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Parsha Terumah
February 24, 2023

Candle lighting 5:53 pm

Havdalah 7:02 pm
8:45 am

9:45 am
Narrated Torah service

10:15 am
Youth groups

10:30 am
Rabbi’s sermon

10:45 am
Ruchi’s Parsha class

11:15 am

This week's kiddush is sponsored by Miriam (Marina) Kaplan in honor of her father's yahrzeit

To sponsor a Kiddush click here
To sponsor a Shabbat email click here
JFX would like to welcome Debbi Rabenstein as our new
office manager.
Welcome to the JFX family!
Daniel Gilad, Abby Raiz, Randy Solganik
Picture Perfect
JFX Sunday School highlights
The boys were required to build Achashveirosh’s palace using the same amount of cups!
Leon, Noam and Kolby won for tallest structure
Oliver, Sheldon and Ben won for most creative structure
Upcoming Events
Thursday, March 2nd
8:30 pm

Join YPX on the first Thursday of every month as we sip, schmooze and unveil tidbits of Torah wisdom with Rabbi Josh Grodko.  Enjoy some fine wines and hot refreshments while socializing with friends and meeting new ones.
Details and Registration here
Monday, March 6th
7:00 pm

All worldly masqueraders, join us for Megillah reading followed by a global Purim dinner delight and much more!
Details and Registration here
Learning Opportunities
Thursday, March 2nd
Book of Proverbs
12:00 pm
click here to join the group

Friday, March 3rd
12:00 pm

Wednesday, March 1st
7:00 pm

Contact Rabbi Helman to confirm


Sunday, February 26nd
8:00 am

Men's minyan followed by breakfast and engaging Talmud study with Rabbi Koval


A Marked Man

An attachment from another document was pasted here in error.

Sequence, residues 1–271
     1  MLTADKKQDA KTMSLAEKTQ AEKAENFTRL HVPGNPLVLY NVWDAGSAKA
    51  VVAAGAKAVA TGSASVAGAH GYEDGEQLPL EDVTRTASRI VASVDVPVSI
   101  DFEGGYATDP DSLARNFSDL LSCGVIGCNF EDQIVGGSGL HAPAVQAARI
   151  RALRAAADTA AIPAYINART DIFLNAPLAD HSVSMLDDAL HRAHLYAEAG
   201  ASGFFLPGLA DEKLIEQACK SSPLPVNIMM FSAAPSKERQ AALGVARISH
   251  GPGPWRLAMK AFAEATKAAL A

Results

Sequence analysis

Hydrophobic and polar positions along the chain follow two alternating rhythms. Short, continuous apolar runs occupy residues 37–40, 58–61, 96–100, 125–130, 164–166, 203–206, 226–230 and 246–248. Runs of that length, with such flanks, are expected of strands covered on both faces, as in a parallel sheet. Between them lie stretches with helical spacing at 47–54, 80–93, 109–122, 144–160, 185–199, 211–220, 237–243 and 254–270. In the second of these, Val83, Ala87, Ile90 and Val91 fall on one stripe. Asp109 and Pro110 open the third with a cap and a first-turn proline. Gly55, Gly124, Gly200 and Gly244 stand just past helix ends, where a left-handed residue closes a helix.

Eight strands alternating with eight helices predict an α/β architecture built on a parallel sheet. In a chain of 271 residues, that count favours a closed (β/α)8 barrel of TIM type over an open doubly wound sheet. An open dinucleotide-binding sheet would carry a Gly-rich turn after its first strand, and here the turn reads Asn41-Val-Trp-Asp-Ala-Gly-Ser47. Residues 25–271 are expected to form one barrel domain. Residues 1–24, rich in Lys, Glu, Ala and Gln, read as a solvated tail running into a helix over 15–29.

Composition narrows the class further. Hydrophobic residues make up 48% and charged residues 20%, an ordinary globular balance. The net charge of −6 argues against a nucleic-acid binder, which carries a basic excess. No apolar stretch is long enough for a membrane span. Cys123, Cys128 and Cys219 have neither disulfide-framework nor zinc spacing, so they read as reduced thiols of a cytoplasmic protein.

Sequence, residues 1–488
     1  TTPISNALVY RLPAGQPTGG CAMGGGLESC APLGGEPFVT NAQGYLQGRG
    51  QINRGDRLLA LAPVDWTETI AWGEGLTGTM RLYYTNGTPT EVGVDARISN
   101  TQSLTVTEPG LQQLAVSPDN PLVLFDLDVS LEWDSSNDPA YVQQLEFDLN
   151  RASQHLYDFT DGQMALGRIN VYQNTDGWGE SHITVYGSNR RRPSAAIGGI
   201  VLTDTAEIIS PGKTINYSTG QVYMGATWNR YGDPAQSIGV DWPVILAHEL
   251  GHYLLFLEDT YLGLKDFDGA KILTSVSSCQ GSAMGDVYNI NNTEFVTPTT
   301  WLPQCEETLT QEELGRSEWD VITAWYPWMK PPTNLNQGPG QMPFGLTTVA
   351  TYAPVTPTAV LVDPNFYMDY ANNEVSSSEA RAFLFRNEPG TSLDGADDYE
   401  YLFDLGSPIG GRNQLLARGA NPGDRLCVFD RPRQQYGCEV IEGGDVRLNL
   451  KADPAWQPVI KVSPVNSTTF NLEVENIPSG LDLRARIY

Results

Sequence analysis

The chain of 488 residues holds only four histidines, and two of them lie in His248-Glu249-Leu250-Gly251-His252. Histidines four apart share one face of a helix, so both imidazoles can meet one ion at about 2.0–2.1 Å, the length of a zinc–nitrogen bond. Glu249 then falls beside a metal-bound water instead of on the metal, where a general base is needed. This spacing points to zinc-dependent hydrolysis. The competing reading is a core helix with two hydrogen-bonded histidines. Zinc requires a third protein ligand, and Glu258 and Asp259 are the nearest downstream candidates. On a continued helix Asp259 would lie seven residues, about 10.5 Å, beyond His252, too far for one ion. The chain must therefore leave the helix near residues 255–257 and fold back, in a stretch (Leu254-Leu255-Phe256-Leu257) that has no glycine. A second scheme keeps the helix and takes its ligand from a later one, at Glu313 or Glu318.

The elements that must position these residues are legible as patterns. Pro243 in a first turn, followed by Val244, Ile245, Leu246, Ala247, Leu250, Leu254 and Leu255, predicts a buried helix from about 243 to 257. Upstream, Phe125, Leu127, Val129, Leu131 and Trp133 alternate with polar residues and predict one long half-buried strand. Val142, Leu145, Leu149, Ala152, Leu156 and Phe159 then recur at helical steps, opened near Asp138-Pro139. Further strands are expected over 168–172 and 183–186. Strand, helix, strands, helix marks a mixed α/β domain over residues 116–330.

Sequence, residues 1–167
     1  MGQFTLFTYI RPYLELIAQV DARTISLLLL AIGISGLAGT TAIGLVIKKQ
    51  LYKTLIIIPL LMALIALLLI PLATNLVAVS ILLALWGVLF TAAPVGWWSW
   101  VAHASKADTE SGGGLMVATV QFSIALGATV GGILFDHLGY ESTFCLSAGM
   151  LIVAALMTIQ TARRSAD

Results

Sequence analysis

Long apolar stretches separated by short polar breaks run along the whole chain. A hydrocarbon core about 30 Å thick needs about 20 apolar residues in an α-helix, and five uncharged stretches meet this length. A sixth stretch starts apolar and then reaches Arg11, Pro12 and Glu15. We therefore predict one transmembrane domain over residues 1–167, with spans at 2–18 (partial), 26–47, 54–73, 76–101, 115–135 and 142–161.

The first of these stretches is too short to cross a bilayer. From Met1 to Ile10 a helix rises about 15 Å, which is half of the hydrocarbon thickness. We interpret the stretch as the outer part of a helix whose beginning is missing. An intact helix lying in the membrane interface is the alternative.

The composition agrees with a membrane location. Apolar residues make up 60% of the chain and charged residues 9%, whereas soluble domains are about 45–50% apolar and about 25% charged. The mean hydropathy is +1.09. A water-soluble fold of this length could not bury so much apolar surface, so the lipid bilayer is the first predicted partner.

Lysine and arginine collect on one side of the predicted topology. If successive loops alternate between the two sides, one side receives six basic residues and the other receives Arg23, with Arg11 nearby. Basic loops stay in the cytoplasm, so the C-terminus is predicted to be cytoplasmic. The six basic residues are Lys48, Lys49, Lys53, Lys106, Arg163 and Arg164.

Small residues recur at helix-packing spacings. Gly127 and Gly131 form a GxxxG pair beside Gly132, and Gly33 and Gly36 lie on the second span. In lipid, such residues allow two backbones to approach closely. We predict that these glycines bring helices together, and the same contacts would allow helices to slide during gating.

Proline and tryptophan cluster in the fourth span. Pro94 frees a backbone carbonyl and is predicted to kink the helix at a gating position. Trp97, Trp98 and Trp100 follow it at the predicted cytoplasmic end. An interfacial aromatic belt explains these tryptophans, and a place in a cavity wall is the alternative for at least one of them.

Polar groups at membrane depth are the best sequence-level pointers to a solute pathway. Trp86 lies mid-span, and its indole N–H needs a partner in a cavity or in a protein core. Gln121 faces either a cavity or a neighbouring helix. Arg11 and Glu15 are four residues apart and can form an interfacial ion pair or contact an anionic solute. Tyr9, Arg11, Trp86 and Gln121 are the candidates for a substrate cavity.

Several hours before Rosh Hashanah 2022, I ran into Heinen’s for some pre-holiday shopping. In the produce section I bumped into an acquaintance of mine. He happens to be a surgeon who works in the OR, and several years earlier he gave me a boatload of extra surgical markers from the hospital for me to use in my capacity as a mohel. Hospital policy is to throw away any supplies that they don’t use after their surgical procedures, even if they are in perfectly sterile condition.

I had enjoyed using these markers but my supply had dwindled and I needed more. When I saw him in the supermarket on Erev Rosh Hashanah, I figured that it was a divine encounter and asked him if he might be able to bring home another batch of unused, discarded surgical markers for me at his convenience. He responded, somewhat bluntly, “I'm sorry, but I can’t be bothered with that. Besides, there’s nothing special about the markers from the hospital. Just go to Amazon and order a bunch yourself.” I recall feeling slightly deflated, and judged him negatively for responding to a fellow Jew in this manner at one of the holiest times of the year. But I shrugged it off, moved on and entirely forgot about the entire incident.  

Apparently he hadn't forgotten about it. The other day he called me out of the blue to apologize. He reminded me of the encounter and explained that against his better judgement his wife had invited a lot of last-minute company for Rosh Hashanah dinner and then insisted that he run to the store to buy extra food. He was all stressed out by all of that, and that's why he responded in an uncharacteristically rude manner.